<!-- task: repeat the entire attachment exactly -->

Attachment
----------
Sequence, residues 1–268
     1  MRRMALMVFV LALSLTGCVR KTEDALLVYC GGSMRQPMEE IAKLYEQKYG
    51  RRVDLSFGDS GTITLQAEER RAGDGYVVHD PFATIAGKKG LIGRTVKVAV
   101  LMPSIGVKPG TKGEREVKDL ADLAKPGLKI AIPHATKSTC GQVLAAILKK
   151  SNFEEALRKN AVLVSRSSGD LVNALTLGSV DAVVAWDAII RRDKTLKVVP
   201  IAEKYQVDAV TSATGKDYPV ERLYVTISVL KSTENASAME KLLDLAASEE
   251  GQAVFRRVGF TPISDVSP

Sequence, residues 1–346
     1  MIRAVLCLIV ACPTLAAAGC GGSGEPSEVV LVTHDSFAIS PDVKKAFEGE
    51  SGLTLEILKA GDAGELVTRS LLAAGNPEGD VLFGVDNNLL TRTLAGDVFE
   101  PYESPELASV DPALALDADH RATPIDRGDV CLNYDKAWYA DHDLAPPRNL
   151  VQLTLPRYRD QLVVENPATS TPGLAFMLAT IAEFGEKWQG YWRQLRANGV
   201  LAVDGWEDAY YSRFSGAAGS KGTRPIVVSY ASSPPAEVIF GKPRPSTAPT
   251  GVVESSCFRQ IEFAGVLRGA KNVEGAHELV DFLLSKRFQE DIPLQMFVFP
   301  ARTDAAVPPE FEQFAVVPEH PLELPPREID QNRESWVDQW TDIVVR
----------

Sequence, residues 1–268
     1  MRRMALMVFV LALSLTGCVR KTEDALLVYC GGSMRQPMEE IAKLYEQKYG
    51  RRVDLSFGDS GTITLQAEER RAGDGYVVHD PFATIAGKKG LIGRTVKVAV
   101  LMPSIGVKPG TKGEREVKDL ADLAKPGLKI AIPHATKSTC GQVLAAILKK
   151  SNFEEALRKN AVLVSRSSGD LVNALTLGSV DAVVAWDAII RRDKTLKVVP
   201  IAEKYQVDAV TSATGKDYPV ERLYVTISVL KSTENASAME KLLDLAASEE
   251  GQAVFRRVGF TPISDVSP

Sequence, residues 1–346
     1  MIRAVLCLIV ACPTLAAAGC GGSGEPSEVV LVTHDSFAIS PDVKKAFEGE
    51  SGLTLEILKA GDAGELVTRS LLAAGNPEGD VLFGVDNNLL TRTLAGDVFE
   101  PYESPELASV DPALALDADH RATPIDRGDV CLNYDKAWYA DHDLAPPRNL
   151  VQLTLPRYRD QLVVENPATS TPGLAFMLAT IAEFGEKWQG YWRQLRANGV
   201  LAVDGWEDAY YSRFSGAAGS KGTRPIVVSY ASSPPAEVIF GKPRPSTAPT
   251  GVVESSCFRQ IEFAGVLRGA KNVEGAHELV DFLLSKRFQE DIPLQMFVFP
   301  ARTDAAVPPE FEQFAVVPEH PLELPPREID QNRESWVDQW TDIVVR